TASIGNA had fewer progressions to AP/BC vs imatinib at long-term follow-up

Image showing the number of progressions to AP/BC at 10 years with TASIGNA vs imatinib

ITT population: 11 patients on TASIGNA progressed to AP/BC while 24 patients on imatinib progressed to AP/BC at 10 years.6

101 patients (36% of 279) stayed on TASIGNA through 10 years compared with 90 patients (32% of 280) on imatinib.6

No patients who achieved MR4.5 progressed to AP/BC at any time during core treatment throughout 10 years of follow-up2,8


There were no progressions following the first 6 months on core treatment with TASIGNA8


Survival

Estimated survival rates at 10 years in ENESTnd

  • 87.6% (95% CI, 83.5%-91.7%) with TASIGNA vs 88.3% (95% CI, 84.2%-92.4%) with imatinib6
  • A total of 32 and 29 deaths from any cause were reported in the TASIGNA and imatinib arms, respectively6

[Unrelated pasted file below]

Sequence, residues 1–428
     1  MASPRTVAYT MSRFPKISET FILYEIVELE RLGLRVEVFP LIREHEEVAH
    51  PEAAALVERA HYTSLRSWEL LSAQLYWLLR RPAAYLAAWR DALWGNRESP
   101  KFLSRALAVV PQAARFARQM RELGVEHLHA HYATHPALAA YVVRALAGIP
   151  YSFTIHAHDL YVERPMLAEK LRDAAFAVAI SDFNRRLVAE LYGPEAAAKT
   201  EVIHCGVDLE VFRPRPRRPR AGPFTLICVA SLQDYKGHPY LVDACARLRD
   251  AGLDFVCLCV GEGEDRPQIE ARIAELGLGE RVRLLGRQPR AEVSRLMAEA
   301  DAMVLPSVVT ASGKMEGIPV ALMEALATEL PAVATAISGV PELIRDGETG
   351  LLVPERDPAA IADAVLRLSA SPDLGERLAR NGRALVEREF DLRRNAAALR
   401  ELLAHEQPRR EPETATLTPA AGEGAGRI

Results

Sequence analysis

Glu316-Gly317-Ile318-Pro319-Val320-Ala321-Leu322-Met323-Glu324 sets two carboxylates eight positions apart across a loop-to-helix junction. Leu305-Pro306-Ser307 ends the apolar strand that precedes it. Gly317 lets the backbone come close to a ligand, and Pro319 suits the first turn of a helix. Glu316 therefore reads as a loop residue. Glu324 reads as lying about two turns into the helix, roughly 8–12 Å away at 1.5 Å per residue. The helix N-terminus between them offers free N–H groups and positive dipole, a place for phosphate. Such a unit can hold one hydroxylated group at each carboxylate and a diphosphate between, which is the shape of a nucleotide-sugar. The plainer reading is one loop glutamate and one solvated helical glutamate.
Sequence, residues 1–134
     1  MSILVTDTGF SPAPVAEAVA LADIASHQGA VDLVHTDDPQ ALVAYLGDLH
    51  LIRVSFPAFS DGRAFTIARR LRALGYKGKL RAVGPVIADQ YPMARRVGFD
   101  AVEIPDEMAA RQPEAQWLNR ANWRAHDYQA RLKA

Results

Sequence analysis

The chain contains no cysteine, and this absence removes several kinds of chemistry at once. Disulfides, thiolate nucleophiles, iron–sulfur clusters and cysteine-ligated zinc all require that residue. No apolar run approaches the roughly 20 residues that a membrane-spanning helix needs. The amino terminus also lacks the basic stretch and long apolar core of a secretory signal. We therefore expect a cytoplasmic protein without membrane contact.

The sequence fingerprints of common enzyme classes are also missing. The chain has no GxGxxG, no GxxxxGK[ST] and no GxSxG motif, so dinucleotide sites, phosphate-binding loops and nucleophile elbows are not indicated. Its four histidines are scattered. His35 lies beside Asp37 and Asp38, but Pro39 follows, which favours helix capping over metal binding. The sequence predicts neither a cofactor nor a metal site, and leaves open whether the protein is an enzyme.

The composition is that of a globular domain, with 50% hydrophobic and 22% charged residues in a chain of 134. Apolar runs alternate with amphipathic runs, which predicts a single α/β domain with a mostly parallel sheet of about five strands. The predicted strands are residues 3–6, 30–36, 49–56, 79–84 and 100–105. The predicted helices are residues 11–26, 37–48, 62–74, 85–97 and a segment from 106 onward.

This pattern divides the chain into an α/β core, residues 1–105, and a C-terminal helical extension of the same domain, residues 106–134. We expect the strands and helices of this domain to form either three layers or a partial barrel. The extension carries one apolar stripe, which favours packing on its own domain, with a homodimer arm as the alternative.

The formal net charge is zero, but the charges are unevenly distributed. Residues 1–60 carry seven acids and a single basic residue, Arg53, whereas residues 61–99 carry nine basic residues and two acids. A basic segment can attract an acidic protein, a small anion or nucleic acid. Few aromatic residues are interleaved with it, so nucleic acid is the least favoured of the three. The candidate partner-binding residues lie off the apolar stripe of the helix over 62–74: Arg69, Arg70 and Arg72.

• Median overall survival was not reached for either arm. Estimated survival rates at 5 years were 93.7% with TASIGNA vs 91.7% with imatinib2,8

Fewer CML-related deaths with TASIGNA vs imatinib

  • At the time of the 120-month final analysis, the estimated survival rate was 97.8% for patients on TASIGNA and 93.8% for patients on imatinib8

CML-related death was nearly 3 times as common with imatinib vs TASIGNA at 10-year follow-up8

Kaplan-Meier curve showing the number of CML-related deaths at 10 years with TASIGNA vs imatinib

 

CML-related deaths were those in which the principal cause of death was marked as “study indication” in the case report/record form by the investigator; or the death occurred subsequent to documented progression to AP/BC, and the cause of death was reported as “unknown” or not reported by the investigator.7


MMR, major molecular response; ENESTnd, Evaluating Nilotinib Efficacy and Safety in Clinical Trials–Newly Diagnosed Patients; RQ-PCR, real-time quantitative polymerase chain reaction; IS, International Scale; EMR, early molecular response; bid, twice daily; qd, once daily; OS, overall survival; MR, molecular response; TKI, tyrosine kinase inhibitor; AP, accelerated phase; BC, blast crisis; ITT, intent-to-treat.